Politics

The extreme rise in the cost of living requires smart money moves



Winter brings with it plummeting temperatures and rising costs. As usual, the cold weather demands additional heating and more food to stay warm. But while the temperature is dropping, everything else is going up – the prices of fuel, gas, municipal utilities, transport and food are at an all-time high.

The record increase in fuel, gas and food is partly due to the war between Russia and Ukraine – Russia supplies a large portion of the world’s liquefied gas products, while Ukraine is a major producer of wheat, a critical component in most of our staple foods. All in, this has resulted in the price of liquefied gas increasing by an average of 30%, fuel by more than 40% – breaching the R20 a litre mark for the first time – while electricity has risen by 14% and transport by 16.8% in the past year.

The past two years have not been kind to consumers – the impact of Covid-19 has seen thousands lose their jobs and salaries have shrunk for most South Africans. What’s more, the South African Reserve Bank recently increased interest rates by 50 basis points. This fourth consecutive hike brings the current prime interest rate to 7.5%, piling more pressure on a population already under financial stress.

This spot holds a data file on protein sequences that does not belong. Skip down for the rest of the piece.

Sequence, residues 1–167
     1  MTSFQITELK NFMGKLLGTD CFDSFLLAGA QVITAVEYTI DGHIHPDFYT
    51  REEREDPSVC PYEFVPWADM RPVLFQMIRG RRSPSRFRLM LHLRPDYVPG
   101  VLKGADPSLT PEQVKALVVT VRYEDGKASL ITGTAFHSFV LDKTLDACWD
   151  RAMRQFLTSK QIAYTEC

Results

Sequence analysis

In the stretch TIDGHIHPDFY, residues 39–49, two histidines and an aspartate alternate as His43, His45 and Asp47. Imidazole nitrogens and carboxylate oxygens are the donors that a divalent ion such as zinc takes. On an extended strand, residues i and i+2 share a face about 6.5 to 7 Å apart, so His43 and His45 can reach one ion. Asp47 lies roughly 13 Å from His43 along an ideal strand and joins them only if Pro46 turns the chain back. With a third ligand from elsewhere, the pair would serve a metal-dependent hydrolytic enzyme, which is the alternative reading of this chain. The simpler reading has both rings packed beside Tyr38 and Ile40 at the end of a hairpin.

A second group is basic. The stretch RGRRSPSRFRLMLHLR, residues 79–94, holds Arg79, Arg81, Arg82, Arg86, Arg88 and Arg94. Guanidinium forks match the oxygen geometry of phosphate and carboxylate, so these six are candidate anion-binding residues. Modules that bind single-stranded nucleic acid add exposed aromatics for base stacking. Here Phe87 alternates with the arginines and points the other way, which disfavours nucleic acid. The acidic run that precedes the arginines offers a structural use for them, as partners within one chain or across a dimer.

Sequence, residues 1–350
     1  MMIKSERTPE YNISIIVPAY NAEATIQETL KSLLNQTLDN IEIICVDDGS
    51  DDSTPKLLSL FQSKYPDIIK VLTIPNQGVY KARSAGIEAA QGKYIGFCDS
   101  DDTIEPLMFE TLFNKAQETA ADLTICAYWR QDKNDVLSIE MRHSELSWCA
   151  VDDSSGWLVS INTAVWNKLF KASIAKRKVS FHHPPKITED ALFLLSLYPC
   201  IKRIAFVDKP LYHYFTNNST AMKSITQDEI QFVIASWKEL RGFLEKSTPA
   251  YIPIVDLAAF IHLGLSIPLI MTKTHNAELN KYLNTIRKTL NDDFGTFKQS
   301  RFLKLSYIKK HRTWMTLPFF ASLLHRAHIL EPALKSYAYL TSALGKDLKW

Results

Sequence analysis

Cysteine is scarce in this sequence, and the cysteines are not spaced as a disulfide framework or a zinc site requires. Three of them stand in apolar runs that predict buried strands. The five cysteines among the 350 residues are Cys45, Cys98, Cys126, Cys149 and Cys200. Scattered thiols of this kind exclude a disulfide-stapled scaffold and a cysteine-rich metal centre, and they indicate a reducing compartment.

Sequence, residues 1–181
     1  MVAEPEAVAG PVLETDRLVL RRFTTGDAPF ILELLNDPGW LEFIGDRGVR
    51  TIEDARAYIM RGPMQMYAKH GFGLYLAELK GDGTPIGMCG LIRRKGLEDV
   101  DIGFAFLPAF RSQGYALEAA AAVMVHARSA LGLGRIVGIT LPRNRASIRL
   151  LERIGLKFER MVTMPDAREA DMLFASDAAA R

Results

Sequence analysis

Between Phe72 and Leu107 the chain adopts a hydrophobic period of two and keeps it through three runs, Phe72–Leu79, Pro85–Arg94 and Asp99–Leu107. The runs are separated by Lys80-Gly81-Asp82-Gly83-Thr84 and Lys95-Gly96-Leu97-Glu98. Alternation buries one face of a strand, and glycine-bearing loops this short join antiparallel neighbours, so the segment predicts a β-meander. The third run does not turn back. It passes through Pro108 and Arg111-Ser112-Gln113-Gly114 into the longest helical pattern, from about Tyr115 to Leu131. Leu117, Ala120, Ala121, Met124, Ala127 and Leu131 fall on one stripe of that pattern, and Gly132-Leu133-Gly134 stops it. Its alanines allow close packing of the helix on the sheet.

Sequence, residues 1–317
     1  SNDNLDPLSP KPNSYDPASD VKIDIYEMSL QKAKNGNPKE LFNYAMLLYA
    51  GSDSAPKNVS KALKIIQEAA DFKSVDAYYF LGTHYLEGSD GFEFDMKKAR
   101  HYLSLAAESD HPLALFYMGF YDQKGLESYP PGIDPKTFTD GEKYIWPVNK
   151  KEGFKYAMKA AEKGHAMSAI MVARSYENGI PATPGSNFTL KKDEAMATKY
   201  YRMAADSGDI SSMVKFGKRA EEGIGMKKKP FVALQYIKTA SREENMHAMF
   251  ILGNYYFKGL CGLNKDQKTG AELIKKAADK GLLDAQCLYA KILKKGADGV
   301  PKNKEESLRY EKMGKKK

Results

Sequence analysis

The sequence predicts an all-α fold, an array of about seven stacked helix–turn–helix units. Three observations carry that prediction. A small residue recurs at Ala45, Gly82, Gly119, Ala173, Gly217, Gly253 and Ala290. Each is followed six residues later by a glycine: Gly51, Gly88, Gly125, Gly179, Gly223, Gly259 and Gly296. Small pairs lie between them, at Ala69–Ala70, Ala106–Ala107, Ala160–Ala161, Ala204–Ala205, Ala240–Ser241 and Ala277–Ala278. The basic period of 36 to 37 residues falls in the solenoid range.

The effect of the massive rise in living costs is hard for consumers. Budgets that are already tight need to be tightened even further to manage the impact of these cost increases on their pockets.

Consumers need to reorganise their budget instead of using savings or emergency funds to make up the shortfall.

The best place to start is to relook at your spending on things that are not essential, such as entertainment, eating out or buying takeaways – before you buy something ask yourself if it is really a ‘must have’ or ‘nice to have’. There are also practical things you can do: to save on electricity, keep the lights on only in areas that you are using, switch off your geyser during the day and only use your car for essential travel.

Bank fees – a bugbear for many South Africans – can end up costing hundreds of rand a month. Yet with new digital banking options available, customers pay low to no fees on most transactions. Cutting back on bank fees is easy to do and the money can go towards your grocery bill instead.

 

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